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City unveils ‘Black Lives Matter!' mural outside City Hall

Updated: Jun. 19, 2020 at 9:12 PM EDT
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CINCINNATI (FOX19) - The City of Cincinnati unveiled the ‘Black Lives Matter!’ mural Friday just two days after City Council unanimously approved its installation on Plum Street outside City Hall.

The privately funded mural was created by seventeen teams of local Black artists comprising around 70 artists in total, according to the city.

More | Council unanimously approves ‘Black Lives Matter’ mural outside City Hall

Former Urban League of Greater Southwestern Ohio Board Chair Alandes Powell got the idea for mural Saturday. She met with the artists the following day.

Powell helped dedicate the completed project Friday, just a few hours after the city raised a Juneteenth flag at City Hall for the first time in its history.

“When you change how you look at people, when you change how you educate people, you change the world,” Powell said. “So here we want to become that place that says, ‘We did something. We did something different.’”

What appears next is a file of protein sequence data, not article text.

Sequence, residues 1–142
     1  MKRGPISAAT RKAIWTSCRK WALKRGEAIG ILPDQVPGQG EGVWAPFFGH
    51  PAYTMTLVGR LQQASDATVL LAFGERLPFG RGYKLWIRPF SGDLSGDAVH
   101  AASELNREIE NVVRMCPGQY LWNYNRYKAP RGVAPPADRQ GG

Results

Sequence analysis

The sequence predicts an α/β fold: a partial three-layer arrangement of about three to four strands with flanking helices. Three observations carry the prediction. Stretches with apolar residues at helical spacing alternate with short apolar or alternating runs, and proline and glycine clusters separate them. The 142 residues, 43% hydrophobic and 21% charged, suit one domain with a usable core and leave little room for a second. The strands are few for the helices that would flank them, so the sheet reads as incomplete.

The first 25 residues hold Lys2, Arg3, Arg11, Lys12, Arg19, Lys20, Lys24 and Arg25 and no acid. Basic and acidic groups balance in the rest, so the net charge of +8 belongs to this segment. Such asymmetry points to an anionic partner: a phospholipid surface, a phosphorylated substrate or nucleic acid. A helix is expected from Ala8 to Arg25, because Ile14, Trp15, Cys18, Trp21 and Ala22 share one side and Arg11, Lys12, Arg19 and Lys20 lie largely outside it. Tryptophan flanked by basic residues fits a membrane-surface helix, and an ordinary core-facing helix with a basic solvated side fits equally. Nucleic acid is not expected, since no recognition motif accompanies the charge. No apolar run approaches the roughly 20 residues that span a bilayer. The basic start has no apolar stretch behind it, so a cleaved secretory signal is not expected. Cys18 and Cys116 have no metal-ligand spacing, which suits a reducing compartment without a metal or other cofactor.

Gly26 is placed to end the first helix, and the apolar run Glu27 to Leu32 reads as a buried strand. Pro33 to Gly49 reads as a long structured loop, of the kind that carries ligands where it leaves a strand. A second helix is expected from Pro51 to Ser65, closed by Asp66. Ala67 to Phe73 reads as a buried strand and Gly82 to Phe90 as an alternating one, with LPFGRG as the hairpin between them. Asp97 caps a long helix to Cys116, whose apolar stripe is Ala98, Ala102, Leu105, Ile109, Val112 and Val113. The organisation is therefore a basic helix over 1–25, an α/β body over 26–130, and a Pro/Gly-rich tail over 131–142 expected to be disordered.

Artist Brandon Hawkins designed the letter ‘B.'

“In each one of these letters, you can see what we want,” Hawkins said. “In mine in particular, was that I want to raise my family in peace.”

Local arts organization ArtWorks, which is behind most of the murals downtown, hired youth apprentices and recruited Black artists to create the mural.

“Cincinnati’s Black Lives Matters mural is distinctive and represents the extraordinary mobilization of leadership across the local Black artist community alongside local public, nonprofit and corporate leaders to build a collaborative to voice shared values and work for meaningful change,” ArtWorks CEO Colleen Houston said in a statement Friday. “This mural is more than paint—and we look forward to the continued conversations and change that will move our community forward.

“When I started to ask internally in City Hall,” Landsman told the crowd, “folks said, ‘Yeah we want to help, but there is no way they’re going to be able to pull this off by Thursday, certainly not by Friday.’” I said. ‘No, they will.‘” They said, “How do you know?” I said, ‘It’s being run by all black women.’”

The paint used on the mural is the same type used on the Purple People Bridge, according to the Urban League.

They expect it to last five years.

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